How To Keep Bread Fresh For Up To Six Months

Image for post

Photo by Ana Madeleine Uribe from Pexels

Bread tastes fresh when it comes out from the oven, but after a day or two, it starts to get stale and then mold starts to grow on it. To be honest, we won’t always get freshly baked loaves of bread from the stores. And even though you buy freshly baked loaf, it can only stay for two to three days before molds starts to grow on it.

The idea of going to the store every now and then just to stock up on one or two loaves of bread may be quite discouraging and tiring. And even so, the loaves of bread we buy at the store may not be as fresh as we want it. But we still buy them anyway. 

So, here is how you can store your loaf of bread to keep it fresh for a longer time.

Yes, storing bread in the freezer can make the bread stay fresh for up to three months says Laura of MOMables.com . If you put bread in the fridge, the bread will be cold and won’t have that soft and fluffy texture as you bought it initially. However, putting bread in the freezer helps to preserve it for a longer time, keeping it fresh and preventing it from growing molds.

Different Ways You Can Freeze Bread 

Freezing bread can be done in different ways. Which ever way you choose, you will get the desired result.

1.   Aluminum Foil

  • First, you make sure the loaf of bread is as fresh as you want it to be. Freezing the bread does not take away the staleness of the bread. If you buy a stale loaf of bread and freeze it, it will still have the staleness for as long as you have it. 
  • Wrap the loaf of bread in a plastic wrap. 
  • Of course, most of the bread we buy from the stores are already wrapped so we don’t need to worry. But just make sure you take out all the air space out and wrap it tightly.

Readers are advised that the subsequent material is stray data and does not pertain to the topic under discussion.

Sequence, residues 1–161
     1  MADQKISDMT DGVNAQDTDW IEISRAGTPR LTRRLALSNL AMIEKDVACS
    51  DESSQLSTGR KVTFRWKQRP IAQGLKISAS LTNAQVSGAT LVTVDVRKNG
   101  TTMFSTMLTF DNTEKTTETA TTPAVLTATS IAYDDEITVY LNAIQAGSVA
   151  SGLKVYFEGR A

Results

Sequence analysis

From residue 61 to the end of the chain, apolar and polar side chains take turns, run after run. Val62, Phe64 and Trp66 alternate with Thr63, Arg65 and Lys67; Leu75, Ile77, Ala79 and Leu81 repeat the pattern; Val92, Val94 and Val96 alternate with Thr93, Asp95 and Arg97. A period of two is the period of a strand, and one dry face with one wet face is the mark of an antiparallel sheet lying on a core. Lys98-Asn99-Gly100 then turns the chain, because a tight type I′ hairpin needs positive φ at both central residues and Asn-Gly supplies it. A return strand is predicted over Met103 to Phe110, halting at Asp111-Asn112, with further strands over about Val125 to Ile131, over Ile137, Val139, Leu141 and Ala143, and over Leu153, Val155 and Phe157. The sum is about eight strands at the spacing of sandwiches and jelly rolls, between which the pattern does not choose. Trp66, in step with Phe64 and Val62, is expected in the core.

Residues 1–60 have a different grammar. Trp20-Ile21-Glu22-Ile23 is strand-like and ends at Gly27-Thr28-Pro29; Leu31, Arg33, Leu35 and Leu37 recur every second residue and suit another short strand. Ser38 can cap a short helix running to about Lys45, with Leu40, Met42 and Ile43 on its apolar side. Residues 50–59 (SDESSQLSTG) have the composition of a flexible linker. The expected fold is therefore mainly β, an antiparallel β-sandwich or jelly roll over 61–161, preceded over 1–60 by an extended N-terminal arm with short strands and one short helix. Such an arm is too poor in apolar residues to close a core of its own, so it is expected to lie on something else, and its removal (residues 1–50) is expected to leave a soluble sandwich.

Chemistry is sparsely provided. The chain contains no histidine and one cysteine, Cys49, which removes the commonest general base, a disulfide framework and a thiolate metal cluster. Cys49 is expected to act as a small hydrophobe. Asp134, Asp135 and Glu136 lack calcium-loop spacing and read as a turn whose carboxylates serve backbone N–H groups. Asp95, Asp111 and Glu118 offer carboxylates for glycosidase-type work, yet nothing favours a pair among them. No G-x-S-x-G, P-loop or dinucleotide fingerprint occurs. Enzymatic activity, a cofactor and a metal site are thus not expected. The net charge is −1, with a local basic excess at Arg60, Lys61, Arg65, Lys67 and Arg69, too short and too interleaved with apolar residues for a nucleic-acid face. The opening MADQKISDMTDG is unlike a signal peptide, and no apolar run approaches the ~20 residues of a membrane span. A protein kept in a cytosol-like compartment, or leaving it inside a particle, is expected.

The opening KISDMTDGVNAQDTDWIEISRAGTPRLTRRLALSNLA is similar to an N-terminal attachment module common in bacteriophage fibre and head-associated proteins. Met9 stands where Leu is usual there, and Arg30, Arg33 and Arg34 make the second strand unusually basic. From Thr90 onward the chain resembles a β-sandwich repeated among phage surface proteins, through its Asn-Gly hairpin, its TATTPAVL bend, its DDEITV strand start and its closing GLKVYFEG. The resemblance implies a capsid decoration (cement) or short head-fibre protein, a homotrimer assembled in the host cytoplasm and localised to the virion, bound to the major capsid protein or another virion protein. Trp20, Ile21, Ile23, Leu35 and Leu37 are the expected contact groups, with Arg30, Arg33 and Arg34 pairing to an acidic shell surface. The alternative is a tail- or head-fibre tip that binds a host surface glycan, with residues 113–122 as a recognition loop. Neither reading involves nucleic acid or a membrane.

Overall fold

• Add a double wrap using an aluminum foil. This will keep the freshness lasting.

2.   Kitchen towel

If you are using a kitchen or paper towel, put the paper towel inside the plastic wrap of the bread at both sides. This will absorb the moisture and prevent the bread from becoming soaked and mushy when thawed. 

3.   Freezer bag

Bread rolls and buns can be placed directly into a freezer bag and sealed tightly.

How can you get the best out of your loaf of bread for a longer time? Here are some tips:

  1. If the bread is unsliced and needs to go into the freezer, you can slice the bread before freezing it. This will make it easier for you to remove only the slices you want to eat rather than thawing the entire loaf. 
  2. Separate the slices of bread before storing it in the freezer. This is to ensure that the slices are not sticking together when you want to take out from it.
  3. If you want to thaw your bread, bring it out from the freezer and put it in the fridge the night before. You can also take it from the freezer and straight to the oven or toaster. They will be thawed and toasted at the same time.
  4. If you are having guests over, you can decide to make all the bread and rolls few days or weeks to their arrival and store them in the freezer. You can then bring it out to thaw in the fridge overnight and warm them up when about to eat.
  5. Also, Erin says you can freeze the bread dough and not the finished loaves. That way, you get to eat freshly baked bread anytime you want. And that way, you occupy less space in your freezer.

Note that, while some methods apply for short term – less than three weeks, like single wrapping in the bag it came in from the store or freezer paper, or putting in a freezer bag; double wrapping with aluminum foil can be used for long term –  up to six months. 

However, when bread stays longer in the freezer, the taste changes over time giving the bread a freezer burn taste. The best advise will be to stock bread in moderate quantity and try to exhaust the bread within three to six months.

If you liked this article, then please click on the share buttons below. You can also follow me on Instagram, Twitter and Facebook.


Leave a Reply

Your email address will not be published. Required fields are marked *

error

Enjoy this blog? Please spread the word :)

%d bloggers like this: